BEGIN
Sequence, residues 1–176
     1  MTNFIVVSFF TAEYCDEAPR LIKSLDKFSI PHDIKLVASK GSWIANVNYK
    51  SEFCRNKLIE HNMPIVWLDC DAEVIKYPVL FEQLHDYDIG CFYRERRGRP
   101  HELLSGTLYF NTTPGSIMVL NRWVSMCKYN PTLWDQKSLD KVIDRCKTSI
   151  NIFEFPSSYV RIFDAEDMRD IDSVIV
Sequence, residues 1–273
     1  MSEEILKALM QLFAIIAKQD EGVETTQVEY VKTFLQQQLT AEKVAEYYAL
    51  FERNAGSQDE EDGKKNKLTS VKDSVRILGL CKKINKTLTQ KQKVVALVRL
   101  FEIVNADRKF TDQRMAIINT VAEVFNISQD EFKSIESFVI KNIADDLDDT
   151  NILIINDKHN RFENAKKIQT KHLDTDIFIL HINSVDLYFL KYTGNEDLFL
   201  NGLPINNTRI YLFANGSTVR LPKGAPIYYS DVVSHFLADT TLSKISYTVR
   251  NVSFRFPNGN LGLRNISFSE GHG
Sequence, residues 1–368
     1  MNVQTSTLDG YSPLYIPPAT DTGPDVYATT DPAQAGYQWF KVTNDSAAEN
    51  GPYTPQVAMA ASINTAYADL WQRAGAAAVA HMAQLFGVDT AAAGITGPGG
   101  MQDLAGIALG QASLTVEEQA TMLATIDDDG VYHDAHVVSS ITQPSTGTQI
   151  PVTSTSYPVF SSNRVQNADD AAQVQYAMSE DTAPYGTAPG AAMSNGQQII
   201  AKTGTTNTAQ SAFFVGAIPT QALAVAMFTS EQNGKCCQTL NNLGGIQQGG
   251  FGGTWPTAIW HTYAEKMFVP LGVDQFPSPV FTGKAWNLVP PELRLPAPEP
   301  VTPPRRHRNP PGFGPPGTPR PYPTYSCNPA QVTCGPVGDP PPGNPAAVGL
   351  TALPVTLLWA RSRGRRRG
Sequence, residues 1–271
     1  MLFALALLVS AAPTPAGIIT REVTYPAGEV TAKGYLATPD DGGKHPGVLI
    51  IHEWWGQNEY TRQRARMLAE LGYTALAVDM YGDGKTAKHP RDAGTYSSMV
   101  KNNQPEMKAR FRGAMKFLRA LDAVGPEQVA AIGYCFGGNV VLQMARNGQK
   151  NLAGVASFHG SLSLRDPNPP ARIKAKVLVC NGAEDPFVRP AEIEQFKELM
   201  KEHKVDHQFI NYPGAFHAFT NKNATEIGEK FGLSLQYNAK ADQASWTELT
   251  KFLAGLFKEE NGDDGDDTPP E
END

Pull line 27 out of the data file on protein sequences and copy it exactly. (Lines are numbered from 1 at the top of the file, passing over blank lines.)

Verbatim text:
   201  KEHKVDHQFI NYPGAFHAFT NKNATEIGEK FGLSLQYNAK ADQASWTELT